Category 2 Centres
Category 2 Centres are recognized as an important extension of UNESCO’s programme delivery arm and a means to raise UNESCO’s profile in Member States. UNESCO’s Education Sector works closely with 11 Category 2 Centres.
- Asia-Pacific Centre of Education for International Understanding (APCEIU).
Renewal draft agreement - Evaluation 2010-2016
- International Centre for Girls’ and Women’s Education in Africa (CIEFFA).
- International Centre for Higher Education Innovation.
- International Mother Language Institute (IMLI).
- International Research and Training Centre for Rural Education (INRULED).
- Regional Centre for Adult Education (ASFEC)
- Regional Centre for Early Childhood Care and Education in the Arab States (RCECCE)
- Regional Centre for Educational Planning (RCEP)
Draft agreement : English - Arabic
- Regional Centre of Quality and Excellence in Education (RCQE).
- South Asian Centre for Teacher Development (SACTD)
- South-East Asian Centre for Lifelong Learning for Sustainable Development (SEA-CLLSD)
- Establishment of the Teacher Education Centre in Shanghai, Peoples’ Republic of China
Feasibility study - Draft agreement
- Establishment of an International Centre for the UNESCO ASPNET (ICUA) in Sanya, People’s Republic of China
Feasibility study - Draft agreement
UNESCO also works through its extensive global education networks including:
- UNESCO Associated Schools Network – ASPnet – A network of over 11,500 ASPnet member schools in 182 countries
- UNITWIN - UNESCO’s network of over 700 higher education and research institutions in 128 countries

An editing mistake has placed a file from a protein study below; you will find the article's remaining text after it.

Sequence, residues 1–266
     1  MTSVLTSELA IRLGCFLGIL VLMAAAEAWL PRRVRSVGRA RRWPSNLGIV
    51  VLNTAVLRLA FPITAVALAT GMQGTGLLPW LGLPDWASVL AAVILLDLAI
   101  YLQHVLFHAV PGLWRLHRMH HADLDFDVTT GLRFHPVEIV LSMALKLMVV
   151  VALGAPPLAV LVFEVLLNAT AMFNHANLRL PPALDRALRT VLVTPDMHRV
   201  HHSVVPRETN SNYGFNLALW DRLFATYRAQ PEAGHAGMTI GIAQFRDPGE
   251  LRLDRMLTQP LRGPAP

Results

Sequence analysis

- The UNEVOC Network, UNESCO’s exclusive global platform for Technical and Vocational Education and Training (TVET), International Centre for Technical and Vocational Education and Training Network
- IBE Community of Practice in Curriculum Development
Partnerships are a key enabler to meet global challenges and generate sustainable change and long-lasting impact. UNESCO works with a variety of partners at national, regional and global levels. For the Education 2030 Agenda, the Organization’s co-convening agencies are UNICEF, the World Bank, the UN Development Programme, the UN High Commission for Refugees, the UN Population Fund, UN Women and the International Labour Organisation. UNESCO also works closely with development partners from bilateral and multinational donors to organizations such as the Global Partnership for Education, the Organisation for Economic Co-operation and Development and Education International.
The Organization maintains continuous dialogue with civil society through the Collective Consultation of NGOs on Education which has close to 300 national, regional and international member organizations. The private sector, including business enterprises, philanthropic and corporate foundations, and individuals, is also involved as a partner in programme delivery, advocacy and awareness-raising activities.